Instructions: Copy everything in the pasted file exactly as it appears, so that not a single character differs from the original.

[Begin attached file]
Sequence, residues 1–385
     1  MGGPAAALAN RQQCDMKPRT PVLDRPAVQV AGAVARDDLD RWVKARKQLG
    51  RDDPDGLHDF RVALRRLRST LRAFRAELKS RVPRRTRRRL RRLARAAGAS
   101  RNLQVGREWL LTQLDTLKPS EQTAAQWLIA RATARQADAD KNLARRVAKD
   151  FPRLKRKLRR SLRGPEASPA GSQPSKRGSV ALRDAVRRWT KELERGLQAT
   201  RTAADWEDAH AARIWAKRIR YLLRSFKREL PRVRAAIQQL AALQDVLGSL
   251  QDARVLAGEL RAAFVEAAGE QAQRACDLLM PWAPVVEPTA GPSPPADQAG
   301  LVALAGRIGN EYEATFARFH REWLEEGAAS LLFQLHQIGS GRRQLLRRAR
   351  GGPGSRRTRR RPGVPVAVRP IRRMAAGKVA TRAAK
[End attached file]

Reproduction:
Sequence, residues 1–385
     1  MGGPAAALAN RQQCDMKPRT PVLDRPAVQV AGAVARDDLD RWVKARKQLG
    51  RDDPDGLHDF RVALRRLRST LRAFRAELKS RVPRRTRRRL RRLARAAGAS
   101  RNLQVGREWL LTQLDTLKPS EQTAAQWLIA RATARQADAD KNLARRVAKD
   151  FPRLKRKLRR SLRGPEASPA GSQPSKRGSV ALRDAVRRWT KELERGLQAT
   201  RTAADWEDAH AARIWAKRIR YLLRSFKREL PRVRAAIQQL AALQDVLGSL
   251  QDARVLAGEL RAAFVEAAGE QAQRACDLLM PWAPVVEPTA GPSPPADQAG
   301  LVALAGRIGN EYEATFARFH REWLEEGAAS LLFQLHQIGS GRRQLLRRAR
   351  GGPGSRRTRR RPGVPVAVRP IRRMAAGKVA TRAAK